1. Sehn LH, Herrera AF, Flowers CR, et al. Polatuzumab vedotin in relapsed or refractory diffuse large B-cell lymphoma. J Clin Oncol. 2020;38(2):155-165. doi:10.1200/JCO.19.00172

2. FDA approves polatuzumab vedotin-piiq for diffuse large B-cell lymphoma. FDA. Updated June 10, 2019. Accessed July 19, 2022.

3. Sehn LH, Hertzberg M, Opat S, et al. Polatuzumab vedotin plus bendamustine and rituximab in relapsed/refractory DLBCL: survival update and new extension cohort data. Blood Adv. 2022;6(2):533-543. doi:10.1182/ bloodadvances.2021005794

4. FDA grants accelerated approval to tafasitamab-cxix for diffuse large B-cell lymphoma. FDA. Updated August 3, 2020. Accessed July 19, 2022. https://bit. ly/3B0t180

5. Salles G, Duell J, González Barca E, et al. Tafasitamab plus lenalidomide in relapsed or refractory diffuse large B-cell lymphoma (L-MIND): a multicentre, prospective, single-arm, phase 2 study. Lancet Oncol. 2020;21(7):978-988. doi:10.1016/S1470-2045(20)30225-4

6. Duell J, Maddocks KJ, González-Barca E, et al. Long-term outcomes from the phase II L-MIND study of tafasitamab (MOR208) plus lenalidomide in patients with relapsed or refractory diffuse large B-cell lymphoma. Haematologica. 2021;106(9):2417-2426. doi:10.3324/haematol.2020.275958

7. Monjuvi. Prescribing information. MorphoSys US Inc; 2020. Accessed July 19, 2022.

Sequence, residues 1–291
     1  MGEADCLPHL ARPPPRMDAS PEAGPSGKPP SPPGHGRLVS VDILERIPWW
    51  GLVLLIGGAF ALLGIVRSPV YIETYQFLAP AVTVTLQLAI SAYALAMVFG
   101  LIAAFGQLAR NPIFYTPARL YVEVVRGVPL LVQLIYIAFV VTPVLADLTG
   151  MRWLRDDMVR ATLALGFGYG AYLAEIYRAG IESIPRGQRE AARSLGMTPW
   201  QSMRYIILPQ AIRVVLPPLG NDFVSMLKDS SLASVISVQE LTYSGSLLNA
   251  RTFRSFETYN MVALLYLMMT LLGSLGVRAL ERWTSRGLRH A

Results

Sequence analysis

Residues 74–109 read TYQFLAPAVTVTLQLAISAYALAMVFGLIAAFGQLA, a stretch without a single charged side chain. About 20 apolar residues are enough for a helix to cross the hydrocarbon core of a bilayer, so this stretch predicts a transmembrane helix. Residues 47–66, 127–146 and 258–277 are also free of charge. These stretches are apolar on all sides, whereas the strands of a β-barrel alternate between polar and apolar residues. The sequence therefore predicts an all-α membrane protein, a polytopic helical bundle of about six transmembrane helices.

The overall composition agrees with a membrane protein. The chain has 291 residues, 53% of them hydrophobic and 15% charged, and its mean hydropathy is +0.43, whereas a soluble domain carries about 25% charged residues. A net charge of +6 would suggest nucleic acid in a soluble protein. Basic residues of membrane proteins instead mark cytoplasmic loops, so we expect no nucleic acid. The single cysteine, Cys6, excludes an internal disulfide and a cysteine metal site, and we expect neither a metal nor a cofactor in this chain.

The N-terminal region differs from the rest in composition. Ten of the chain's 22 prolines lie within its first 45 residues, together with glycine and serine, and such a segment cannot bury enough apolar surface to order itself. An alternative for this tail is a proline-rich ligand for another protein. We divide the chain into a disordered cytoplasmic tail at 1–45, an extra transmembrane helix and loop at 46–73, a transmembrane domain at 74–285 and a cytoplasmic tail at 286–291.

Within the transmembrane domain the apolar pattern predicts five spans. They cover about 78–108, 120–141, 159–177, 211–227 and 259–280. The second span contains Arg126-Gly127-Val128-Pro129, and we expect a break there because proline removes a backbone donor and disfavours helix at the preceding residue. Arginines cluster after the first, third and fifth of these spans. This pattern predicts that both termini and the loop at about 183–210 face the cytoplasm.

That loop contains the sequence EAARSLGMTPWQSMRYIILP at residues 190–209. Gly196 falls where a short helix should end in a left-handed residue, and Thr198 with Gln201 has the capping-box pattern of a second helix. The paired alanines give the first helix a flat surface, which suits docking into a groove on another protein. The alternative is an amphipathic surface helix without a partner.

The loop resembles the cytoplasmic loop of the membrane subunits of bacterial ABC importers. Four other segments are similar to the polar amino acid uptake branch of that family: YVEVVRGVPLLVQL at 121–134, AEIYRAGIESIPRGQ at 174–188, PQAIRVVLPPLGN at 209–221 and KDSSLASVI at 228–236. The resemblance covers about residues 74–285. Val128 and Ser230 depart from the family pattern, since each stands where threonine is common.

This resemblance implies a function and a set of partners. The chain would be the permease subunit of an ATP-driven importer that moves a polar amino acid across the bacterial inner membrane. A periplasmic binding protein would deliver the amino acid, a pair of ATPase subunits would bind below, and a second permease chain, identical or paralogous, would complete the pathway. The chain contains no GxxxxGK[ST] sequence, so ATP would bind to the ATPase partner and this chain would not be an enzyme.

8. FDA grants accelerated approval to loncastuximab tesirine-lpyl for large B-cell lymphoma. FDA. Updated April 23, 2021. Accessed July 19, 2022. https://bit. ly/3Pz9HCM

9. Zammarchi F, Corbett S, Adams L, et al. ADCT-402, a PBD dimer-containing antibody drug conjugate targeting CD19-expressing malignancies. Blood. 2018;131(10):1094-1105. doi:10.1182/blood-2017-10-813493

10. Caimi PF, Ai W, Alderuccio JP, et al. Loncastuximab tesirine in relapsed or refractory diffuse large B-cell lymphoma (LOTIS-2): a multicentre, open-label, single-arm, phase 2 trial. Lancet Oncol. 2021;22(6):790-800. doi:10.1016/ S1470-2045(21)00139-X

11. Alderuccio JP, Ai WZ, Radford J, et al. Clinical characteristics and responses of patients with relapsed or refractory high-grade B-cell lymphoma treated with loncastuximab tesirine in the LOTIS-2 clinical trial. Blood. 2021;138(suppl 1): 3575.

12. Caimi PF, Ardeshna KM, Reid E, et al. The antiCD19 antibody drug immunoconjugate loncastuximab achieves responses in DLBCL relapsing after antiCD19 CAR-T cell therapy. Clin Lymphoma Myeloma Leuk. 2022;22(5):e335-e339. doi:10.1016/j.clml.2021.11.005